Date: 24 December 2013. Running Aground.
There are two types of boaters who have never been aground.
Most common are those who
never go anyplace. As for the rest, they are atrocious liars. The last time I was aground
was back in 2012 and I anticipate being aground again. For me it's about
a once a year event that I touch bottom though thankfully never in such a
condition that I've had to be hauled off by TowBoatUS. Knock teak!
It helps that I'm a poky little trawler so that even
bumping the bottom doesn't cause much of an issue. You can get in a whole
lot less trouble at five knots than at ten, or more. Plus there's so much
to see and enjoy even in those long stretches of nothing, well, I enjoy
puttering along nice and slow. Have I mentioned the fuel economy is better
The blue arrow is St. Andrews Sound:
Running aground is not just for
novices. I've got 15,000 miles at the helm and still manage to check the
depth with my keel on occasion -- usually when I'm not thinking clearly.
Back in early 2012 I tested the bottom when traversing the southern shore of St. Andrews Sound heading east.
Yep, there was a bit less than three feet of water. Oops!
Because Skipper and I were in St. Andrews Sound the markers
had swapped sides at the channel entrance to the Gulf of Mexico. All was
well and I have a method for remembering that too. On the throttle and
gear control knobs for the engine, I have one red Turks head knot and one
blue. [If I ever get around to it, I'll paint the blue one green.] See
The knots are my memory boosters -- I know from a glance
which side the red markers belong on. That's particularly useful for those
early morning take-offs, when the coffee is just starting to percolate
through my veins.
A couple of other things that you might have noted in
looking at the picture:
The red Turks Head knot is on the left side of the throttle
control which reminds me I need to keep my red markers to the port side.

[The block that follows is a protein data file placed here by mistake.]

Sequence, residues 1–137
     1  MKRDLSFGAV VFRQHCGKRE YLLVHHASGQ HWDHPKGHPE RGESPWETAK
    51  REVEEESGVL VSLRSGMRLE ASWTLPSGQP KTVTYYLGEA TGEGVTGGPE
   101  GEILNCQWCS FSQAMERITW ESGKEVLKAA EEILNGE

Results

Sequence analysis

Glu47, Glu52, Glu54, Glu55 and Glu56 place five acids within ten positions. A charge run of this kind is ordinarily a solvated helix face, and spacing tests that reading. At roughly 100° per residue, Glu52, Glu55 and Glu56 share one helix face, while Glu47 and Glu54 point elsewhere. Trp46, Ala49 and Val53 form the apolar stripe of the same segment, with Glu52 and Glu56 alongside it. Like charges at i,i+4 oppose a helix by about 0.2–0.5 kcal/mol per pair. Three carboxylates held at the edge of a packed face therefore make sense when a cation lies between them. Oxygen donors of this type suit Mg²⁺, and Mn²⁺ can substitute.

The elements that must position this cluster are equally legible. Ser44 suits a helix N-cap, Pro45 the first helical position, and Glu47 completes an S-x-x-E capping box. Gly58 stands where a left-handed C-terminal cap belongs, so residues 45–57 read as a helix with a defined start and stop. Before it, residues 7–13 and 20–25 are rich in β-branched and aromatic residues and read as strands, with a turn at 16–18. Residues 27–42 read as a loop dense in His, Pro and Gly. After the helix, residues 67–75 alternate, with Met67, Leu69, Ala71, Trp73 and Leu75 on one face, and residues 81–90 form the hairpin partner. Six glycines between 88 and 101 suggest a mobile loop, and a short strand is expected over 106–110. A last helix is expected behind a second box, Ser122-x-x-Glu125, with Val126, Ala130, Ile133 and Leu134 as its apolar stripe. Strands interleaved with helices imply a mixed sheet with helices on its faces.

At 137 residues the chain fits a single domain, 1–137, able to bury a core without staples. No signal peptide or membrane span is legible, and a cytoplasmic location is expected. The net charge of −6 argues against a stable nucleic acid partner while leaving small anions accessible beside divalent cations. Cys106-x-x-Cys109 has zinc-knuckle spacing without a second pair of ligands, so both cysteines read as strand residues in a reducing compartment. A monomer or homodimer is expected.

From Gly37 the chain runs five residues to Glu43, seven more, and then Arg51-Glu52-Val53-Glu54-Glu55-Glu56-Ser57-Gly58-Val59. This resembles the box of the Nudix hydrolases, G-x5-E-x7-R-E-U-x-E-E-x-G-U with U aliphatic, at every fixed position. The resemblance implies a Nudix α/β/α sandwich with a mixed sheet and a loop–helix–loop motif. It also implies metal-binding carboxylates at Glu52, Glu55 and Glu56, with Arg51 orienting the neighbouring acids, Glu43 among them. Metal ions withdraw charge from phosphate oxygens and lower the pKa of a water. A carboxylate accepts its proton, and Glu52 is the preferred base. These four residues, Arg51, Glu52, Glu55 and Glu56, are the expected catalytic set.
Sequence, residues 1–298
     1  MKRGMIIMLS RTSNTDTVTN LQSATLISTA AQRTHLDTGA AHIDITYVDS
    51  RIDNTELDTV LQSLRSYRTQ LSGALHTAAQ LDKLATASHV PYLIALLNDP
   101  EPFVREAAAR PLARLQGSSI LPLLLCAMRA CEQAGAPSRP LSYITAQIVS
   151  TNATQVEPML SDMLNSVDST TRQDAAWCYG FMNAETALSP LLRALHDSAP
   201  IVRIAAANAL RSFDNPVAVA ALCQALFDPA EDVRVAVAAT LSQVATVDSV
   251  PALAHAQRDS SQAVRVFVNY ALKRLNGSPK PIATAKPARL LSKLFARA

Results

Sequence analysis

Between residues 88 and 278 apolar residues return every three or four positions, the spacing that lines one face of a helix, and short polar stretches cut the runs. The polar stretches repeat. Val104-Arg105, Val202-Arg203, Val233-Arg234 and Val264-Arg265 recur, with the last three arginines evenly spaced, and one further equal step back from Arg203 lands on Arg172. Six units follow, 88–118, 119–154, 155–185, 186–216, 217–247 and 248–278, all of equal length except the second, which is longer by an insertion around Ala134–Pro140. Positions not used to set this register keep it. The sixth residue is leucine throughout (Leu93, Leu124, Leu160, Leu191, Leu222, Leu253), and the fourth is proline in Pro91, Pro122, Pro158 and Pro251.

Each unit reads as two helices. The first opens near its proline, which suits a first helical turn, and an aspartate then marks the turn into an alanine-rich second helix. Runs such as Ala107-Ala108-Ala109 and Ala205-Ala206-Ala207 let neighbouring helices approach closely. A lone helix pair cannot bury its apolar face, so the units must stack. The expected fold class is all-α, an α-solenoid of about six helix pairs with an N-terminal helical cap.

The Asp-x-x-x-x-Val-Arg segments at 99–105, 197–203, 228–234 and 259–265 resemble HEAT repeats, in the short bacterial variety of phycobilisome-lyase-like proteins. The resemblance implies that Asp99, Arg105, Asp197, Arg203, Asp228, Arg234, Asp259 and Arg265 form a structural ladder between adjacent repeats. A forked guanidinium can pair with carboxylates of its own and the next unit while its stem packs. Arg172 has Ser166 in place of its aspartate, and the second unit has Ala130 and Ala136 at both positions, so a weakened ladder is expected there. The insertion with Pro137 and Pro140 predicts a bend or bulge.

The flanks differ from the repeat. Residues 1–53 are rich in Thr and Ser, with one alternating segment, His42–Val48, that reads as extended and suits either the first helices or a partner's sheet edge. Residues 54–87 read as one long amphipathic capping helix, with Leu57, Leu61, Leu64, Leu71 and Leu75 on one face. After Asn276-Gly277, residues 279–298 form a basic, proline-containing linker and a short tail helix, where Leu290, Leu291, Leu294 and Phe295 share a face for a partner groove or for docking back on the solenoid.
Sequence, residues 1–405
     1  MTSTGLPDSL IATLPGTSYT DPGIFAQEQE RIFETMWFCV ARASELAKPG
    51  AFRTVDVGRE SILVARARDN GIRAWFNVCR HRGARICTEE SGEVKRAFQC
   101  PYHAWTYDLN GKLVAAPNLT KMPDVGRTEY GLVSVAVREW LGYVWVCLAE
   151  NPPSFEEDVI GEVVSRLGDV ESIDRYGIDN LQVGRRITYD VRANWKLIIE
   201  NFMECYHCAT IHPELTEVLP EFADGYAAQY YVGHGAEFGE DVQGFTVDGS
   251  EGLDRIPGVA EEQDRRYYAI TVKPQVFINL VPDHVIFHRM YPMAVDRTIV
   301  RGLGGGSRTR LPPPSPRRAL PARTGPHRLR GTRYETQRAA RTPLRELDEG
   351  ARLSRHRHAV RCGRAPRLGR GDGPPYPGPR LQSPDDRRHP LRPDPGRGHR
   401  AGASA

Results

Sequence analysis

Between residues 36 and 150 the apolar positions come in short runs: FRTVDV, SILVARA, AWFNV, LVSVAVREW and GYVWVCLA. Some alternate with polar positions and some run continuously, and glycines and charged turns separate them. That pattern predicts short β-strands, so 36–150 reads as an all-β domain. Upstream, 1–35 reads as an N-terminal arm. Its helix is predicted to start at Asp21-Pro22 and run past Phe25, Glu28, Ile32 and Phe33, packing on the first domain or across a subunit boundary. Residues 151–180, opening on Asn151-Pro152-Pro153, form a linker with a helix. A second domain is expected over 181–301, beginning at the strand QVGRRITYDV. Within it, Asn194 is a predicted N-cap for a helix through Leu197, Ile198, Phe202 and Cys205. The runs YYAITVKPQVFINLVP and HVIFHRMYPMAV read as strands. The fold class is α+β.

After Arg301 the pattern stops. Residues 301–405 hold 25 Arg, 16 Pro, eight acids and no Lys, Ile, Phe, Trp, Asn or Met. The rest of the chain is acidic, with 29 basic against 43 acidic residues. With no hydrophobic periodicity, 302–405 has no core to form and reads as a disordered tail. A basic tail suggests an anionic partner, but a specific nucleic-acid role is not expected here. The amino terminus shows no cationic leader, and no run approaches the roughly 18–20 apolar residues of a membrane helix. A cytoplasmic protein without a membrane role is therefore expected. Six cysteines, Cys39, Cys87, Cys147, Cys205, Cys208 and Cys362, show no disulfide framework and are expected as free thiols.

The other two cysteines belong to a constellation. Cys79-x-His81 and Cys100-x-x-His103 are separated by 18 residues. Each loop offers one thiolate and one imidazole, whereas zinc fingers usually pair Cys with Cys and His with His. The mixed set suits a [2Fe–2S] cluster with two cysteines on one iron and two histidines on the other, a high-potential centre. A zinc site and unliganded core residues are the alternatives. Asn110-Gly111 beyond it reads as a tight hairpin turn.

The blue (eventually Green) is on the wheel. That's tells
me to open the thru hull for my engine prior to starting her.
The cleat also has a bungee cord around it and the wheel.
That was one of those Good Ideas in Theory that wasn't so great in
You see, most boats that can track only require a bit of
help in order to stay on course. Unfortunately Seaweed doesn't have that
ability and requires constant steering. The cleat is not totally useless,
but pretty close to! Anyway, if your boat holds her course a way of
securing the wheel can allow hands off steering. I hope it works better
for you than it did for me.
And by using a bungee cord, if you had to turn the wheel
sharply (to avoid a crab pot for instance) you could do so. That's why I
advocate a bungee versus a regular line to the wheel. You MUST be able to
react immediately. Just something to keep in mind...
I want to live in Theory. Everything works
And now, back to our discussion of testing the depth so to
speak. Please look at the following chart (specifically by the red
star) and see if you can see where I goofed:
I was heading east toward a nice little anchorage doing
just fine cutting the corner as Seaweed only draws three feet. For some
reason didn't take into consideration a full moon with the associated
extra low tide.
Then just to make things a little less perfect, I forgot that heading into the
bayou meant the marker colors would again swap sides. Oh, I was doing fine (not bad at
least, and certainly not aground) until I spotted that Red #2 marker and
tucked inside it. Much to my consternation Seaweed ended up in that 1' area you
can clearly see if you look at the stinking chart -- unlike me until I
went bump, thump, and then nothing. Sigh.
Fortunately the tide was incoming (why does a rising tide take so much
longer than a falling one?!) so I could sit there and pretend I'd meant to
do this. There were of course a lot of keel marks in the sand so at least
I had the comfort of knowing I wasn't the only woman who thinks her aft
end is smaller than it actually is!
When the tide came up about an hour later Seaweed floated
off and we tucked into the bayou for a time. I prefer nooks and
crannies as the fetch is less and that means I can relax and enjoy the
scenery more. Plus it's fun to explore with Skipper in Algae my
dinghy along the shoreline.
Today's Lesson is a simple one: ALWAYS look at your chart
and remember to pay particular attention near inlets. I didn't and
fortunately it only cost me a bit of embarrassment. A boat going faster or
with an unprotected propeller could have had a serious problem. Be safe,
and happy cruising.
I'd love to hear from others who stray from the marked
And, have you ever run aground? Please provide details! (anonymously is
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